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Young adult book reviews for ages 12 and up - middle school and high school students

Karoo Boy
by Troy Blacklaws
Young adult 208 pages Harvest Books September 2005 Paperback    

Dee’s twin brother, Marsden, is killed in an accident on the Cape in South Africa in 1976, struck in the head by a ball while playing cricket. Dee remembers: “My mother’s cry is a sky full of gaping-beaked seagulls.” As an identical twin, Dee loses the mirror half of himself, his anchor. His mother can’t forgive her husband, who threw the ball, determined to make him suffer for the tragedy.

In Cape Town, “an un-African Africa, death catches the unsuspecting off guard, dealing the cruelest blow.” Dee soon realizes that every time his father looks at him, he sees the boy he killed, a constant reminder of his twin. The small family unravels after Marsden’s death, the parents drifting away from each other in their grief.

Dee’s mother leaves the Cape for the desert landscape of Klipdorp south of the Free Orange State border, and the bright-haired Afrikaans child finds himself in unfamiliar territory, a Karoo boy. The Freedom Movement has already begun and is growing in momentum, crowds chanting, the authorities responding with violence, bulldozing the Crossroads shanty town, apartheid not yet defeated.

Caught between his affection for an old garage man, a black appropriately named Moses, and his friendship with Marika, a white girl his age, Dee’s wants are few, mainly to live without conflict in his new environment. Moses is a precious commodity, although his willingness to make friends with the white boy puts him in constant danger of reprisal. For her part, Marika is careless and impulsive, used to doing exactly what she wants.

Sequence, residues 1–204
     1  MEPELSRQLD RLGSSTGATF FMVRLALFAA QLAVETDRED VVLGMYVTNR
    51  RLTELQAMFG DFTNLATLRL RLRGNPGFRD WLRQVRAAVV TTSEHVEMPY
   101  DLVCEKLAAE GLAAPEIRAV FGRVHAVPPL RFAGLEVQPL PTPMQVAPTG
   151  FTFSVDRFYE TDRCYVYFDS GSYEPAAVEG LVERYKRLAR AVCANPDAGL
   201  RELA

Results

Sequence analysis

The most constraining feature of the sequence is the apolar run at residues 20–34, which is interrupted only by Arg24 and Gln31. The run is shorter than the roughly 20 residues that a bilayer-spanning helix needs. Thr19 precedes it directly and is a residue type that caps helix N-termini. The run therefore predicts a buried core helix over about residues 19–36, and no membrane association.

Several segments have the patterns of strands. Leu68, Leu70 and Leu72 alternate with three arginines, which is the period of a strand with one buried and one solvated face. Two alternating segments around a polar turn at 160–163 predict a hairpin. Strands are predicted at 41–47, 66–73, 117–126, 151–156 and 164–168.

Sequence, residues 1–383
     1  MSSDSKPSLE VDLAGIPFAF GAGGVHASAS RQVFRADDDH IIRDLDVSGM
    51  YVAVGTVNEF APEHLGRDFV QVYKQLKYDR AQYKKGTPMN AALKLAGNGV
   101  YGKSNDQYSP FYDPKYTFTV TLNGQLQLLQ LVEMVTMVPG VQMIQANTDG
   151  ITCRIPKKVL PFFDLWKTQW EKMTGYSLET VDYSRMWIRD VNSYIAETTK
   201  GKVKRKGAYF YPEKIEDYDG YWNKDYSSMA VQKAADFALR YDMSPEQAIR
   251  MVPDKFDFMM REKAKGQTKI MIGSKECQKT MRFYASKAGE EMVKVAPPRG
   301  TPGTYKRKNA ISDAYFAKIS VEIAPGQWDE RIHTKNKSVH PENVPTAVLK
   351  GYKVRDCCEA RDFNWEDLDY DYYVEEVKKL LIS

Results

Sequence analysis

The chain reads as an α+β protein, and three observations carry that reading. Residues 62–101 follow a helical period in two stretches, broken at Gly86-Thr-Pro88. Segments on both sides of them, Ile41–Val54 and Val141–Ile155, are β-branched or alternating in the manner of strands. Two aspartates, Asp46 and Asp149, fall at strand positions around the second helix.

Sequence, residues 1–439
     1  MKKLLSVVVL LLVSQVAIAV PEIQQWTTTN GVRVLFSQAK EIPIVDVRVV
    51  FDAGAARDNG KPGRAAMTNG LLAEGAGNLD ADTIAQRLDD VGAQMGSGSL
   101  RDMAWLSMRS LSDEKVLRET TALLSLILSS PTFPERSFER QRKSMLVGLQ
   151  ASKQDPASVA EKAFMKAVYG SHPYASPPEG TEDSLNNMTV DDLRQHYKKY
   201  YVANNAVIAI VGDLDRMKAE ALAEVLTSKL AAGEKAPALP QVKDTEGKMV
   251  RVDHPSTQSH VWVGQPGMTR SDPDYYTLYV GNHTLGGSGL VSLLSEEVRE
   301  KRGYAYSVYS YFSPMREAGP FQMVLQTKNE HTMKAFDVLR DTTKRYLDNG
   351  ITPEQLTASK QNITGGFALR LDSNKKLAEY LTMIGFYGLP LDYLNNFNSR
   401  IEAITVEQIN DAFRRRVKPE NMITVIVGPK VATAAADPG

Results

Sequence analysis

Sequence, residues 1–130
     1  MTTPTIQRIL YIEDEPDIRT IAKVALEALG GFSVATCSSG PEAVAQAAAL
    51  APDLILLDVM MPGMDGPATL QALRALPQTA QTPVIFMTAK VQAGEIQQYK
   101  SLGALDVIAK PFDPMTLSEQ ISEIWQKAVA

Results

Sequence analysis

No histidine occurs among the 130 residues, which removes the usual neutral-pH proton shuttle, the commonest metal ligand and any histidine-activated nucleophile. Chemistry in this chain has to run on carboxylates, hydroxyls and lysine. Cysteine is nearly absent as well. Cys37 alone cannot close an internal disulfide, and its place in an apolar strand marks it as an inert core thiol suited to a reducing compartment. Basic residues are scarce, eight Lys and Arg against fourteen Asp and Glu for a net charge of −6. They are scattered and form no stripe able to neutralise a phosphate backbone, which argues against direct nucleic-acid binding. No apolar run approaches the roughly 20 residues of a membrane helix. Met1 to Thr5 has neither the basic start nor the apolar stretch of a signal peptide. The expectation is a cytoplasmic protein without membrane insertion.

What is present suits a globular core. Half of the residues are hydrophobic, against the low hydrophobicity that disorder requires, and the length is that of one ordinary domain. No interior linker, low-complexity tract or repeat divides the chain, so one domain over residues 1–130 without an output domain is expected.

The black shanty town is not far removed from the white enclave; Dee is curious about the township and wishes to make friends with the Xhosa boys who live there. Marika defies her father to visit the township with the Dee, precipitating a series of unfortunate events that could have been avoided, had the adolescents realized the inherent danger of their excursion.

His young world already broken apart by the loss of his twin; Dee’s coming-of-age is painful, a rude awakening for a boy of generous heart in an uneasy land; Dee hasn’t reckoned with the harsh lessons of apartheid. The author handles his protagonist sensitively, exposing the boy’s vulnerabilities, as he is transplanted from the relative security of Cape Town to the chaos of his new home, where a carefully constructed world is transformed almost overnight and a fourteen-year-old boy crosses the boundary from child to man.
Young adult book reviews for ages 12 and up - middle school and high school students

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  Luan Gaines/2005 for curled up with a good kid's book  

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